Last year was a landmark year for LGBT rights across the world. We celebrated the historic result of our own referendum, the US made same sex marriage legal nationwide and countries like Spain and Italy lifted the ban on gay men donating blood.
In a time when these milestones which would have been thought impossible previously, have been accomplished, it can be just as important to look back at the beginnings of these movements.
That is exactly what the latest drama from director Peter Sollett, Freeheld, aimed to do.
Freeheld is the true story of New Jersey Ocean County detective Laurel Hester, played by Julianne Moore, and her partner Stacie Andree, played by Ellen Page.
Hester and Andree were given a domestic civil partnership in the state of New Jersey, as gay marriage was not legal at the time in the US.
Hester was diagnosed with stage four terminal lung cancer in 2005.
Following this, the couple found themselves embroiled in legal disputes with the Ocean County Board of Chosen Freeholders to ensure Andree would be able to claim Hester’s pension benefits following her death.
This was an undisputed entitlement for heterosexual married couples whose partners were in that county’s police force at the time.
Ultimately after several refusals and a national news story in the States, Andree was granted pension benefits. Hester passed away from her cancer on February 18th 2006.
The movie itself is one with a substantial amount of above average acting with only slight amounts of comic relief from funny man Steve Carrell.
Carrell plays the homosexual, Jewish founder of Garden State Equality, Steven Goldstein. Moore provides a determined performance and it’s clear the role of Hester is one she invested a great deal of personal connections with. She portrays Hester better in her professional life as a detective rather than the off duty partner seen on screen with Page.
More positively, Page gives a truly brilliant performance as Hester’s younger partner, Stacie Andree. From the nerdy, shy, introvert seen when the characters first meet at a volleyball game, through the turmoil of the legal disputes and her partner’s treatment, we see Page portray her character growing in confidence in her job as a mechanic, but also struggling to cope with her personal life.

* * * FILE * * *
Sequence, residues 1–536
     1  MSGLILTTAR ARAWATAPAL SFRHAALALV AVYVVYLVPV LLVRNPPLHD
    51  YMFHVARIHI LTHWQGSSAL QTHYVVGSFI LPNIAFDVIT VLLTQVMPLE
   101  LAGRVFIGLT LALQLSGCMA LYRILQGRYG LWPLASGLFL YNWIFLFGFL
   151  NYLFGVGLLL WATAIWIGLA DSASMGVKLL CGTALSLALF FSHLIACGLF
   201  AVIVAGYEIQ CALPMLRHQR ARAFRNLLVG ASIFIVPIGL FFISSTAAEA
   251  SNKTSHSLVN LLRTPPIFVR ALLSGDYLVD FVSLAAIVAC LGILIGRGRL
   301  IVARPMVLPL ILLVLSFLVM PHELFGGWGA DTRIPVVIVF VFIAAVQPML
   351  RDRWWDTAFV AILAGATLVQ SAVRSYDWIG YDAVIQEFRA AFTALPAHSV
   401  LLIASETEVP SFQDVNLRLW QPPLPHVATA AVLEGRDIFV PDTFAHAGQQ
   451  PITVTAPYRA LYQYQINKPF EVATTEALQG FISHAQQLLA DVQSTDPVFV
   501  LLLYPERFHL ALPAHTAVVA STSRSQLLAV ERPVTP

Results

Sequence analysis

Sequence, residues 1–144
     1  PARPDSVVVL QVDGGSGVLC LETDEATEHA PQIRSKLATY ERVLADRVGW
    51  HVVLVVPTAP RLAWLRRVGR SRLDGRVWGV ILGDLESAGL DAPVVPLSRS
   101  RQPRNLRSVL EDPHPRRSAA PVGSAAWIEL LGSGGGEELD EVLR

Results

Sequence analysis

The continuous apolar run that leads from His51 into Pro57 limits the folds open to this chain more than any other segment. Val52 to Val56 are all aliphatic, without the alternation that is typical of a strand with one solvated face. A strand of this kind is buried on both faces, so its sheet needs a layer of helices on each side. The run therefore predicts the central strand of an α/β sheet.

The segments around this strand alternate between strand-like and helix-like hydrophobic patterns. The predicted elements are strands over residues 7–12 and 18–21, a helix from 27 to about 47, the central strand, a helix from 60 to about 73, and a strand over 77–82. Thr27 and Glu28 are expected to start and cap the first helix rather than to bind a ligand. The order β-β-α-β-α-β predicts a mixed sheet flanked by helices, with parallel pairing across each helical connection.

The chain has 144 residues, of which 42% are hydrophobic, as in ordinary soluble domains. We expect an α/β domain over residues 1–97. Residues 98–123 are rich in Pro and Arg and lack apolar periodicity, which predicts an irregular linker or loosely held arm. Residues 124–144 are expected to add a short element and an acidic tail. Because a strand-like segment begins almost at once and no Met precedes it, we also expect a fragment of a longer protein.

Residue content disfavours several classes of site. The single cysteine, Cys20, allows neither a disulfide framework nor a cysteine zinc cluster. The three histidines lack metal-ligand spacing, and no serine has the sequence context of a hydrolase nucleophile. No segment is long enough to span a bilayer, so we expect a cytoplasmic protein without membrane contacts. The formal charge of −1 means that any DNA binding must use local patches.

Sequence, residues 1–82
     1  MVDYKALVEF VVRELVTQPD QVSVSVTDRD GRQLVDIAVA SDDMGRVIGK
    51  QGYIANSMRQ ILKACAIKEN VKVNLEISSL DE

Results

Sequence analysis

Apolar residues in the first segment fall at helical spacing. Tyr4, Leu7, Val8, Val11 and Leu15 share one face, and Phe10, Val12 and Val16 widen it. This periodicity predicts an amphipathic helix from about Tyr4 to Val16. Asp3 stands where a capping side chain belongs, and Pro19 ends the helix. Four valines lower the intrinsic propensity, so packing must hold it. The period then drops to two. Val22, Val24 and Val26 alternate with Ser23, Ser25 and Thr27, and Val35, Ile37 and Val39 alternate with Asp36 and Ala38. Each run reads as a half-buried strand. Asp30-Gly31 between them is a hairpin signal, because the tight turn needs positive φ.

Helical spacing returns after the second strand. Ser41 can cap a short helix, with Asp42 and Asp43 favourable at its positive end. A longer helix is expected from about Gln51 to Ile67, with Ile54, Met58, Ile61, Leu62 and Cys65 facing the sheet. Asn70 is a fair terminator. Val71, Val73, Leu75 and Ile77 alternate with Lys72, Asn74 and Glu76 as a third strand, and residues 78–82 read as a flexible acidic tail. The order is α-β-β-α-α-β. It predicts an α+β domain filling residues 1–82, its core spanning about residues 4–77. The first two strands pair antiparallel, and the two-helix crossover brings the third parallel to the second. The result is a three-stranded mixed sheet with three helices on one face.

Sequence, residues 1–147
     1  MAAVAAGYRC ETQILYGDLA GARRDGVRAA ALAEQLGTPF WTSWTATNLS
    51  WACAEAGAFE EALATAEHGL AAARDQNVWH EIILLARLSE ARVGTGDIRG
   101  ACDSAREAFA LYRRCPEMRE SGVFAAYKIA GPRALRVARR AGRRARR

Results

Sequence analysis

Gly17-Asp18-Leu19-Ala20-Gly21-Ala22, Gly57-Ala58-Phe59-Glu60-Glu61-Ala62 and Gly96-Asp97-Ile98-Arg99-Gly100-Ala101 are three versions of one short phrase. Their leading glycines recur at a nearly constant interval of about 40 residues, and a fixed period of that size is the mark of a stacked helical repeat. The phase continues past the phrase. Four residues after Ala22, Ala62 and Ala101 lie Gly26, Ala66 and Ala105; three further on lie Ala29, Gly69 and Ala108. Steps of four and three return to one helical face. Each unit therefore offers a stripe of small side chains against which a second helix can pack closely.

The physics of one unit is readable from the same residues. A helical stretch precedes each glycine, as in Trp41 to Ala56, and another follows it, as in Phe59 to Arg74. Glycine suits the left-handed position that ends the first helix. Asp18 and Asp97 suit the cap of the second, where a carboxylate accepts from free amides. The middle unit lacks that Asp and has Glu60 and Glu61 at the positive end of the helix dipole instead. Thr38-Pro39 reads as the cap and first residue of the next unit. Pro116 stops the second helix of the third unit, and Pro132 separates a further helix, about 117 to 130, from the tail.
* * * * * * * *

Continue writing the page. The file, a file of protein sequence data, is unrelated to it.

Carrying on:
Page can be seen as the weaker character initially, but she grows to become a mentally strong individual by the end of the film.
Throughout the course of the film, acknowledgements are made of the struggles faced by homosexuals within the police force as well the wider community and legal systems.
For example, it’s shown that one of Hester’s male colleagues is also gay. They agree early on in the movie to keep each other’s secret after spotting each other in a nightclub with their partners.
Every time Hester and Andree say they are a couple in public they are confronted with “Oh… I’m sorry” with a shocked expression on the individual’s face.
Further points are illustrated by Page’s character dealing with the hospital receptionist over the phone, who won’t let her speak to the doctor on the grounds that she is not legally family, and arguing with the insurance company over the extension of Hester’s life insurance policy.
The movie succeeds in telling the heartbreaking story of Hester and Andree, but ultimately I feel that is about it.
Apart from a few shining moments of brilliance from Page, the majority of the acting is only slightly above average. There are impassioned performances, but most of the minor actors and their performances feel completely synthetic and utterly generic.
All the same go see it, go and allow yourself to be moved by it, but don’t expect something 100% fresh or original.
I’ll give it a solid 6 out of 10.